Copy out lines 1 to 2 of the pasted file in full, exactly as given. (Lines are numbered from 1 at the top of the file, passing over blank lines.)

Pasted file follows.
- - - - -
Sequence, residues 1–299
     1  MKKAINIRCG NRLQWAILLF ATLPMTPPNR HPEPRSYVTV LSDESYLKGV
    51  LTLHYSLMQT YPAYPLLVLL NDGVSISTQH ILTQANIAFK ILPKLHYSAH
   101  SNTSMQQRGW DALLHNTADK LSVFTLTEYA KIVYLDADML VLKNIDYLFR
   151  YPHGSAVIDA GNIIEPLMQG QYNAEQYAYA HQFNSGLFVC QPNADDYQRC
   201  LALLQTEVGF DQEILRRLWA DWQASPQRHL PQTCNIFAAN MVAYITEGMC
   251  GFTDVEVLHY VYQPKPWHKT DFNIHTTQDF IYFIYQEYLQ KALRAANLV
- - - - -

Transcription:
Sequence, residues 1–299
     1  MKKAINIRCG NRLQWAILLF ATLPMTPPNR HPEPRSYVTV LSDESYLKGV